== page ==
At the super market we wander around picking up everything we need. Starting with the butcher meat, first a 3-1/2 lb rack of Organic Baby Back Ribs and two Pork Chops, a lot of meat for two guys and a petite girl, but Charles is known to be garbage-disposal-like when it comes to good food. If its there he’s going to eat it. My non Hot Dog policy is quickly put to bed when Lily returns from the refrigerated section with a package of Oscar Meyer “Bun Length Beef Dogs” and potato bread buns. We move on to the barbecue sauce’s and decide on a Stub’s “SPICY” barbecue sauce. Then on to the herbs and vegetables. We pick up Three Portobello Mushrooms, Asparagus, Garlic, and fresh Rosemary. Now we needed the bare essentials, chips, charcoal, and beer. We all separate in the chip section looking for our favorites. I am a professed Kettle Cooked Salt and Vinegar addict, and avidly stand by UTZ “Sea Salt and Vinegar.” I grab a bag as Charles and Lily Return, Charles has a bag of Dirty brand “Lightly Salted” chips, Lily with a Kettle brand “Honey Dijon” chips. We decide against the cheaper MatchLite charcoal and go with the slightly more expensive “HardWood Briquette” charcoal. Last is the beer, picking up a six pack of Labats Blue Light on our way to the register. We cash out at $103, and head to Charles’ House.

Back in the kitchen I get to work chopping garlic and rosemary. Charles and lily on the terrace prepare the grill, getting the charcoal going. Natural Charcoal can take quite a while to burn down to the hot coals appropriate to cook over. This is usually why people opt for the cheaper chemical filled stuff that burns to coals much quicker. I write the time off and call it a sacrifice for my health. In the kitchen not sure about how the best way I should go about preparing the meat, I make a call to a trusted friend of all things food, and ask for a reco on how I should proceed. Fallowing the recommended recipe’s I start with the Pork, hoping the little time I did have to marinate would amount to something. The pork marinade consist of garlic, olive oil, salt, pepper, and lots of lemon, including the rinds. The pork is marinating, I go out to the terrace to check on the grill. The fire is roaring. Charles and Lily are enjoying beers waiting for the fire to burn down. Back to the kitchen to prepare the ribs and the vegetables. I was told to just dry rub the ribs with salt and pepper and then add the barbecue sauce just before they finish cooking. I had extra mashed garlic so I couldn’t resist, I decided to mix it with some brown spicy mustard and olive oil to lightly coat the ribs with before applying the salt and pepper. the ribs are prepared, the portobello mushrooms and asparagus are dressed with olive oil and then salt and pepper. Finally after what seems like forever in the kitchen I’m ready to start cooking! On the terrace the fire is just about done. Time for the meat. Huge platters of pork in hand I head back out to the terrace but abruptly stop when I hear a banging at the front door. we were not expecting anyone. “BANG BANG BANG” again.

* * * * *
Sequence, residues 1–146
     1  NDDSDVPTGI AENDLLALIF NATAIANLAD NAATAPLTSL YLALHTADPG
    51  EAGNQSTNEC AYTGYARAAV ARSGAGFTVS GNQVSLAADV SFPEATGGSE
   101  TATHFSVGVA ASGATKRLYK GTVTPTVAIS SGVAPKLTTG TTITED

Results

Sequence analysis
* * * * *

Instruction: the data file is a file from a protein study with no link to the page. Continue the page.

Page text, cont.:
I go to the door to find the building security on the other side. “Having a barbecue?” I wasn’t going to deny it, so I informed him that we were and we were, and almost finished. He then proceeds to tell me that it “has to stop this minute, can I come in and check?- people are saying they’re going to call the fire department” Now there’s no way I’m letting this guy into Charles’ house. Charles arrives at the door, informing security that it was not an issue and that we were finished. After a few more vague threats security leaves. I rush the food out to the grill to try and get in as much cooking time as possible, as we had just told security that we were done cooking and, no more smoke would be coming. Squeezing as much onto the grill as I can, the grill begins to smoke heavy. Thick dark smoke pouring off the terrace. We begin to weigh the fines one could receive from the fire department versus the food. I decided I will cook the food half way then take it off and finish it in the broiler. So much for barbecuing. The food still came out great.